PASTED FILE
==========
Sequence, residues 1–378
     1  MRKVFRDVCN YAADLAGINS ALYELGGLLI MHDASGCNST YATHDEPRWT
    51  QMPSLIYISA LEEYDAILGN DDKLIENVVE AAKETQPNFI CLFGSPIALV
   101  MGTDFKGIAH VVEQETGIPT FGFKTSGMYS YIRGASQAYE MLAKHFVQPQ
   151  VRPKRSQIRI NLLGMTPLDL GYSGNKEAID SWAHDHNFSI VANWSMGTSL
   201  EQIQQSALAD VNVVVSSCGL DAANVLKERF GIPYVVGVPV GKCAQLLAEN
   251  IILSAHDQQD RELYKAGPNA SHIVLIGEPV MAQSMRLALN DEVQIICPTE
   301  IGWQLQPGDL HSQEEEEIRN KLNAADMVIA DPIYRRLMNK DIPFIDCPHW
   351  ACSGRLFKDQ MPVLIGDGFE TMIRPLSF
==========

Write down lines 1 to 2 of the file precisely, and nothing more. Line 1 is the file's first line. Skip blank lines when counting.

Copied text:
Sequence, residues 1–378
     1  MRKVFRDVCN YAADLAGINS ALYELGGLLI MHDASGCNST YATHDEPRWT